Agenda SUA-Asia

U.S. Seeking Basing in Australia After Submarine Deal – FP, 16.09
The Biden administration is hoping to rotate fighters and bombers to the land Down Under. By Jack Detsch, Foreign Policy’s Pentagon and national security reporter, and Robbie Gramer, a diplomacy and national security reporter at Foreign Policy

How Biden Can Save His China Strategy After Afghanistan – FP, 25.08
Washington needs to give a visible sign of Indo-Pacific commitment. By Michael J. Green, the senior vice president for Asia at the Center for Strategic and International Studies and a professor at Georgetown University, and Gabriel Scheinmann, the executive director of the Alexander Hamilton Society

Kamala Harris’s Asia Trip Can’t Fix Biden’s Troubled Indo-Pacific Strategy – FP, 24.08
Lacking a serious vision for the region, the administration is aiming low. By Susannah Patton, a research fellow at the University of Sydney’s United States Studies Centre, and Ashley Townshend, the director of the Foreign Policy and Defence Program at the University of Sydney’s United States Studies Centre

How the U.S. Learned to Stop Worrying About the Pacific and Love the ‘Indo-Pacific’ – FP, 30.07
The United States has a new lens for its rivalry with China. By Jack Detsch

Taiwan Isn’t Afghanistan, Whatever Beijing Says – FP, 23.08
The fall of Kabul is a crisis of competence, not credibility, for U.S. power in Asia. By Blake Herzinger, a civilian Indo-Pacific defense policy specialist and U.S. Navy Reserve officer

China’s Neighbors Hope Afghanistan Pullout Means Pivot to Indo-Pacific – FP, 19.08
With the withdrawal completed, Washington’s strategic shift can commence. By Hiroyuki Akita, a commentator for Nikkei

The Quad Is a Delusion – FP, 28.06
The new grouping won’t give the United States any more leverage over China than it already has—and it might raise tensions in the region higher than ever. By Rajan Menon, an Anne and Bernard Spitzer professor of international relations at the City College of New York

How to Keep India All-In on the Quad – FP, 25.06
A once-reluctant partner has become a new driver of a critical coalition. By Jeff M. Smith

A Confused Biden Team Risks Losing Southeast Asia – FP, 27.06
If the region continues to drift toward China, Washington has only itself to blame. By James Crabtree, a columnist at Foreign Policy and the executive director of the International Institute for Strategic Studies-Asia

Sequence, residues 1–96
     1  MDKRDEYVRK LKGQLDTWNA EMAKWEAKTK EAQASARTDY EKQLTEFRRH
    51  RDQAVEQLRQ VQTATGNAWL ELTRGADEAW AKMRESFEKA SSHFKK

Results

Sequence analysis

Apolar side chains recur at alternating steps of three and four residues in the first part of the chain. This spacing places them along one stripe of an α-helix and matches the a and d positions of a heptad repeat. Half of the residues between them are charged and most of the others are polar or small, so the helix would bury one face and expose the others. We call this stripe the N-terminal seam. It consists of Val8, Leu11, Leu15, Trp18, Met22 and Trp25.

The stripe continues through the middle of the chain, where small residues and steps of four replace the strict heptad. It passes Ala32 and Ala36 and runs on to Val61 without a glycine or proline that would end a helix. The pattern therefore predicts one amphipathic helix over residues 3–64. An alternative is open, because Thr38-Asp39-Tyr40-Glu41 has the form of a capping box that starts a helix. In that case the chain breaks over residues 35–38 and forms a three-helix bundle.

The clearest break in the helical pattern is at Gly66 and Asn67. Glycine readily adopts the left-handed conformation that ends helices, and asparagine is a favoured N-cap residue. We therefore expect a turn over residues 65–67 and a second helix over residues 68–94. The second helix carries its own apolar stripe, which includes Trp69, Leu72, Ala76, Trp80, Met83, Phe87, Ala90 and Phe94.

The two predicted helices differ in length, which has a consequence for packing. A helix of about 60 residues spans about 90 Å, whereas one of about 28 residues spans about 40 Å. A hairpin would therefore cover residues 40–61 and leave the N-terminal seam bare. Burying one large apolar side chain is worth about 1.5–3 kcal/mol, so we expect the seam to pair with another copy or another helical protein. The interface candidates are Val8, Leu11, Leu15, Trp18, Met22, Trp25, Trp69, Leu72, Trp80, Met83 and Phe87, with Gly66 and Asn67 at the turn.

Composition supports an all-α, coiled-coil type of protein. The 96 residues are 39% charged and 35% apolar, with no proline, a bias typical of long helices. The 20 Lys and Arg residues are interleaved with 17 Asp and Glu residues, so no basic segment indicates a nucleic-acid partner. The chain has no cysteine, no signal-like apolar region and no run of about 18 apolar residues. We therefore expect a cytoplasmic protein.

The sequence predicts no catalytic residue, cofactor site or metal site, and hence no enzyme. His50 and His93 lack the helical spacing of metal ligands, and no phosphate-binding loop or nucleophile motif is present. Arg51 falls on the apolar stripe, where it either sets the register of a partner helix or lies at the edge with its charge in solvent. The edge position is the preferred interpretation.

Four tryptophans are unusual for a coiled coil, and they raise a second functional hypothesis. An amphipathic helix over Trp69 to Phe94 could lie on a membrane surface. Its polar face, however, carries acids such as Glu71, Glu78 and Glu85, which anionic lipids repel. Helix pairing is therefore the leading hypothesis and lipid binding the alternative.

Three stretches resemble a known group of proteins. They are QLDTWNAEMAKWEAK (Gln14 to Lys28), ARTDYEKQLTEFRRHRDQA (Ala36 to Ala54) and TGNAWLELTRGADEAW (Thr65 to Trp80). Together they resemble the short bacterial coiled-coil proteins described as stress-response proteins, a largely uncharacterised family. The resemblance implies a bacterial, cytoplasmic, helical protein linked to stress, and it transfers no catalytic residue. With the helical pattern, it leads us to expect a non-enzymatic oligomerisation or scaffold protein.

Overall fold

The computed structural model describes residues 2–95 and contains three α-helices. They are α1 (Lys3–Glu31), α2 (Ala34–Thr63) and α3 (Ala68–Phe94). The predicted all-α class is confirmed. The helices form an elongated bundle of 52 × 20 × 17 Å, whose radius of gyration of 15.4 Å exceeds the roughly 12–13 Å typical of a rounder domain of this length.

Asia’s Stakes in the Biden-Putin Summit – FP, 10.06
Geopolitical shifts have put a U.S.-Russian detente in the interest of much of Asia. By C. Raja Mohan, the director of the National University of Singapore’s Institute of South Asian Studies

How to Boost the United States’ Most Important Partnership – FP, 11.05
Biden’s first 100 days show India is a crucial part of the new administration’s foreign policy. By Aman Thakker, the senior program manager at Indiaspora

Biden Looks to Contain China—but Where’s the Asian NATO? – FP, 26.03The United States needs a game plan for a continent that’s home to two-thirds of the world’s population and its biggest rival. By Jack Detsch

Blinken and Austin in Japan to Bolster Asian Allies
The Biden administration wants to prod Japan more on defense and resolve tensions between Tokyo and Seoul. By Jack Detsch

Quad Summit’s Vaccine Deal Is Biden’s Bold First Move in Asia – FP, 12.03
It’s a smart step to counter China, but the next ones won’t be as easy. By Michael J. Green

Friday’s Quad Summit Will Show if It’s Just a Talking Shop – FP, 10.03
The fledgling Indo-Pacific alliance needs a mission—and its only meaningful one is maritime security. By Salvatore Babones

Getting the Quad Right Is Biden’s Most Important Job – FP, 10.03
The Quadrilateral Security Dialogue is the best hope for standing up to China. By James Mattis, Michael Auslin, Joseph Felter

Biden’s Trade Plans Will Boost China’s Power in Asia – FP, 16.02
Supporting the middle class at home and reasserting leadership abroad may be mutually exclusive, especially in Asia. By James Crabtree

China’s Military Is Outmatched – FP, 10.03
As the Quad alliance prepares to meet, leaders should take an honest look at the challenges China’s military presents. By James Palmer

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